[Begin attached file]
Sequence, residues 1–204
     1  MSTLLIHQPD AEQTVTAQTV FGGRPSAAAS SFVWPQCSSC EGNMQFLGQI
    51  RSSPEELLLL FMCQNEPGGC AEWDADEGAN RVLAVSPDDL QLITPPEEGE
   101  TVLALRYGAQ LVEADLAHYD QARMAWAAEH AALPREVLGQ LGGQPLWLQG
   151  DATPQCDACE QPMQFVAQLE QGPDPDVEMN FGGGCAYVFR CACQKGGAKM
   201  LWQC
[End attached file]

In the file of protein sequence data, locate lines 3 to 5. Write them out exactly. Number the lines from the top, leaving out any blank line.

    51  RSSPEELLLL FMCQNEPGGC AEWDADEGAN RVLAVSPDDL QLITPPEEGE
   101  TVLALRYGAQ LVEADLAHYD QARMAWAAEH AALPREVLGQ LGGQPLWLQG
   151  DATPQCDACE QPMQFVAQLE QGPDPDVEMN FGGGCAYVFR CACQKGGAKM